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LOMO - The Language of Many Others

LOMO - The Language of Many Others

Deutschland 2017 - with Jonas Dassler, Lucie Hollmann, Eva Nürnberg, Karl Alexander Seidel, Marie-Lou Sellem ...

The Frankfurt-Tipp rating:

Movie info

Direction:Julia Langhof
Cinema release:12.07.2018
Production country:Deutschland 2017
Running time:Approx. 101 min
Rated:From 12 years
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Actually, Karl (Jonas Dassler) could be satisfied with his life. Together with his parents and his twin sister Anna (Eva Nürnberg) he lives in a well-situated quarter of Berlin. And after his upcoming high school graduation, all avenues are open to him, if only from a purely financial point of view. But unlike Anna, who knows exactly where she wants to go in life, for Karl the future is one big question mark. The boy overplays his fears of uncertainty with cynicism and takes refuge in his blog The Language of Many Others, where he also posts personal photos of his family - which puts an additional strain on the already strained relationship with his father. When Karl and his classmate Doro (Lucie Hollmann) get closer and he falls in love with her, he thinks he knows exactly what he wants for the first time. But when the relationship doesn't work out the way he imagined, he makes a drastic decision, completely disillusioned.

LOMO - The Language of Many Others is the directorial debut of Julia Langshof, who tells a coming-of-age story that is quite conventional from a purely dramaturgical point of view, but makes use of some rather unconventional means. This makes the film visually quite exciting in places. But also thematically it has a certain importance due to Karl's dealings with social media. The actors are convincing, even if here and there some dialogues are conveyed a bit too stilted.

What ultimately ails the film, despite many positive elements, is the somewhat overuse of clichés. The well-off family where the parents only care about their careers and don't seem to have any interest in the kids, you've really seen those countless times before. Also, the smart-ass arrogance with which rebellious teenagers react to such emotional neglect is unfortunately not really new. On the contrary. Wouldn't it be much more exciting to see a kid lose his footing when all he's really getting is love and support from his parents? That insecurity about the future or a desperate search for a goal for one's life is not fueled by emotional coldness in the parental home? That might also make it easier to form an emotional bond with Karl, who doesn't really seem to regret his actions in hurting other people.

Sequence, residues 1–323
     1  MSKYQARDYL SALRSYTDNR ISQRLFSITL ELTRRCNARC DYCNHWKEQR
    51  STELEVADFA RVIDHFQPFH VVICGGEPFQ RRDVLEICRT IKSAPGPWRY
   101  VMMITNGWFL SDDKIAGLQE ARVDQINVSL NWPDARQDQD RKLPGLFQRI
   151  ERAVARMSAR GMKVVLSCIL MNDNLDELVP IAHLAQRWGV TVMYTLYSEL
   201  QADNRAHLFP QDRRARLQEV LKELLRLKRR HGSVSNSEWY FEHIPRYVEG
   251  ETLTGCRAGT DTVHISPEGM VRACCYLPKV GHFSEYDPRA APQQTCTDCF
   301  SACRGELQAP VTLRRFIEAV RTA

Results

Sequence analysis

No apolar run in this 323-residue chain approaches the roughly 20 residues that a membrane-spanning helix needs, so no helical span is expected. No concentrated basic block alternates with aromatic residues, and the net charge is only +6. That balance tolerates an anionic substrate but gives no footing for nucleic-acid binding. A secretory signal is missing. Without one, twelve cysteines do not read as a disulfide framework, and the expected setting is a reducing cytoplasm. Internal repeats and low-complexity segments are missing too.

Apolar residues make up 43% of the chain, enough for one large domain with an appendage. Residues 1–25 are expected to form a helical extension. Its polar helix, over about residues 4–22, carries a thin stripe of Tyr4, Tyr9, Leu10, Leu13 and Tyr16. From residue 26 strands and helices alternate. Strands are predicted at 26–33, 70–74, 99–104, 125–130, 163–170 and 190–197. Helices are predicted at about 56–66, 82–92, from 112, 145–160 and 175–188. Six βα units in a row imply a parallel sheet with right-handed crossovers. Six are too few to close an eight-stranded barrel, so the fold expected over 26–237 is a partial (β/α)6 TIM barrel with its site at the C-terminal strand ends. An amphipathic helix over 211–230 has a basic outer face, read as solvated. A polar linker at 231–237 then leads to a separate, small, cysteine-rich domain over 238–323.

The connection that exists between Karl's father and Doro's mother then also really seems too contrived to seem believable, unlike other elements of the story. All this leads to the fact that LOMO - The Language of Many Others is a movie with a lot of good approaches, but not all of them are realized convincingly. But at least the drama presents a very strong main actor and the potential to approach an important topic in a fresh way. If this would have been the case with the characterization and the structure of the dramaturgy, this would have been a great movie. But so it is still a promising debut with some weaknesses and therefore also under the bottom line: Worth seeing!

An article by Frankfurt-Tipp


  • LOMO - The Language of Many Others
  • LOMO - The Language of Many Others
  • LOMO - The Language of Many Others
  • LOMO - The Language of Many Others
  • LOMO - The Language of Many Others
Cinema trailer for the movie "LOMO - The Language of Many Others (Deutschland 2017)"
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